Illustration -- John Davis Arrested

            Anno Domini 1546, and the last year of King Henry the Eighth, John Davis, a child of twelve years and under, who, dwelling in the house of Master Johnson, apothecary, in the town of Worcester, his uncle, (using sometimes to read of the Testament and other good English books,) was complained of by Alice Johnson his mistress; which Alice, being an obstinate person, consulted with one Thomas Parton, and one Alice, wife to Nicholas Brooke, organ-maker, with certain of the canons, and Master Johnson, chancellor to Dr. Heath, their bishop. The means whereby he was entrapped were wrought by the foresaid Alice Brooke, who procured Oliver her son, school-fellow with the said John Davis, to feign friendship with him, and, under pretence to be instructed, to see his English books, and especially to get something of his writing against the Six Articles; which being had, was soon brought to the canons of the church, and the chancellor. Whereupon Thomas Parton, whether being sent, or of his own mind, came to apprehend him, and his uncle was forced, against his will, to bind the poor boy's arms behind him; and so he was brought to the officers of the town, where he lay from the fourteenth of August till the last of September. Then was he commanded to the freeman's prison, where one Richard Hawborough, coming to persuade him from burning, willed him to prove first with a candle; who then holding his finger, and the other a candle under it, a good space, yet (as the party himself to me assureth) felt no burning thereof; neither would the other that held the candle believe him a great while, till he had looked, and saw no scorching of the candle at all appeared.

            Then was the child removed from thence to an inner prison, called Peephole, where the low bailiff, called Robert Yould, laid upon him a pair of bolts, so that he could not lift up his small legs, but leaning on a staff, slipt them forward upon the ground; the coldness of which irons he feeleth yet in his ancles, and shall so long as he liveth: with these bolts his lying was upon the cold ground, having not one lock of straw nor cloth to cover him, save only two sheepskins; neither durst father or mother, or any of his friends, come at him. Besides this, and many great threats of the papists, there was a mad-man put to him in the prison, with a knife about him, wherewith he ofttimes, in his frantic rage, proffered to thrust him in.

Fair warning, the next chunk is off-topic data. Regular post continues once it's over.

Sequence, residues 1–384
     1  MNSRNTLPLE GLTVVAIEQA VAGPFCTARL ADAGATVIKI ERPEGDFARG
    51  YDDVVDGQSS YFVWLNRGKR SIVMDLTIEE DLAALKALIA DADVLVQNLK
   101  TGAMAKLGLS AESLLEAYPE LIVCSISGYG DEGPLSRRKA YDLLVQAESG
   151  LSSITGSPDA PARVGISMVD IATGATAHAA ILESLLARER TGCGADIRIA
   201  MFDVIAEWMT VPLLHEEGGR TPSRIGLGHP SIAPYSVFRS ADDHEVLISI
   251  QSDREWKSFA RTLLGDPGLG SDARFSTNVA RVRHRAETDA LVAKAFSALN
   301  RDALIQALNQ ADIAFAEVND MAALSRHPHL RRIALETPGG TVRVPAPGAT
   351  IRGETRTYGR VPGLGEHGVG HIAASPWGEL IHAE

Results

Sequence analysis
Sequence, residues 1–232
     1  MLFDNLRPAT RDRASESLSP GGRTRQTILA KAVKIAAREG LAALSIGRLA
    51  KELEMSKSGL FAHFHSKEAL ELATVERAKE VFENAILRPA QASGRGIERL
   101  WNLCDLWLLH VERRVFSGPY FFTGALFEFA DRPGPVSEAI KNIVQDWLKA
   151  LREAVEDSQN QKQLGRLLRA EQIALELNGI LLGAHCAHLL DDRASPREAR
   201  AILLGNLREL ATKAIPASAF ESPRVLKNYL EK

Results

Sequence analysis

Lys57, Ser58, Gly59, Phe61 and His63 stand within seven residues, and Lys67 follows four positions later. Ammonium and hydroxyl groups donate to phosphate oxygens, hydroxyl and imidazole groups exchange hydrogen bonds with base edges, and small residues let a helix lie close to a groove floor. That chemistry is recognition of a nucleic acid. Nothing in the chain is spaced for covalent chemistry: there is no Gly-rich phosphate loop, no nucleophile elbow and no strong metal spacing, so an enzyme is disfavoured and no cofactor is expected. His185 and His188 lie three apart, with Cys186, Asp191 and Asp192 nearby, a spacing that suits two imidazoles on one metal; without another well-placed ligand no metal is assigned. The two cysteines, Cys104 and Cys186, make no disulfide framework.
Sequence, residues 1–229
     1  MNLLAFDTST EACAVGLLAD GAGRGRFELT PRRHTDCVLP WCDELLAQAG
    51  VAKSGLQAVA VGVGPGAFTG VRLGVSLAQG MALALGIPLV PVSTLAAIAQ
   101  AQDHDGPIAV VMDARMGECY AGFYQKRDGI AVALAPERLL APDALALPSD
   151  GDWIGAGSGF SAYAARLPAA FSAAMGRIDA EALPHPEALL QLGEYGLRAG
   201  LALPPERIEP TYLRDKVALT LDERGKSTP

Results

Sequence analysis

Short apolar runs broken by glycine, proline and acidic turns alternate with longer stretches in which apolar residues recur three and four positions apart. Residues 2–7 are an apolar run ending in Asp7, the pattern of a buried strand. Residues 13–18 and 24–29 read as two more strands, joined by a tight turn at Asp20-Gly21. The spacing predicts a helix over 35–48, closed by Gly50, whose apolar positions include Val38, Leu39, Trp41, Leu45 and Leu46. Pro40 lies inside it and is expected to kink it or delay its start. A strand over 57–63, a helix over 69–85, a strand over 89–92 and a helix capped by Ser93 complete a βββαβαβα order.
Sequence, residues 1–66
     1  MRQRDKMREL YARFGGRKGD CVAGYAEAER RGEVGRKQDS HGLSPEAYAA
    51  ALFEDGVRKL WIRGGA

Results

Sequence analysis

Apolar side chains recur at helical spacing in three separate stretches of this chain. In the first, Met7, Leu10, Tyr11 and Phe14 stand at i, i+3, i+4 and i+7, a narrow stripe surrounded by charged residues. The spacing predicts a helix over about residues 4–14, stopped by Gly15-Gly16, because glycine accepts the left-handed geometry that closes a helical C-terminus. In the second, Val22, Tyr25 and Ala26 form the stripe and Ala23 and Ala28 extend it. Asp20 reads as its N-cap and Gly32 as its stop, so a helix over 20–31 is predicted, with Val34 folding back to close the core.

After this came to him one Joyliff and N. Yewer, two canons, which had his writings against the Six Articles, and his ballad, called, "Come down, for all your shaven crown," to see whether he would stand to that he had written. Which done, with many great raging words, not long after sat Master Johnson, the chancellor, in the Guildhall, upon the poor lad; where first were brought in his accusers, and sworn. Then were sworn also twenty-four men which went on his quest, and found him guilty; but he never came before the chancellor. Upon this he was sent to the common gaol among thieves and murderers, there to tarry the coming of the judges, and so to be had straight to execution. But the mighty mercy of the Lord, who helpeth the desolate and miserable when all other help is past, so provided for this silly condemned lad, that the purpose of all his hard-hearted enemies was disappointed; for before the judges came, God took away Henry the Eighth out of this life, by reason whereof the force of the law was then stayed. Howbeit he was nevertheless arraigned, being holden up in a man's arms at the bar before the judges, who were Portman and Marven; who, when they perceived that they could not burn him, would have him presently whipped; but Master John Bourne, esquire, declared to the judges, how he had whipping enough. After that he had lain a week more in prison, he had him home to his house, his wife anointed his legs herself with ointment, which then were stiff and numbed with irons, till at length, when Master Bourne and his wife saw they could not win him to the belief of their sacrament, they put him away, lest he should infect their son Anthony, as they thought, with heresy.

            Thus John Davis, of the age aforesaid, in what damage he was for the gospel ye see, and how the Lord preserved him ye understand. He endured in prison from the fourteenth day of August, till within seven days of Easter; who is yet alive, and a profitable minister this day in the church of England: blessed be the Lord.


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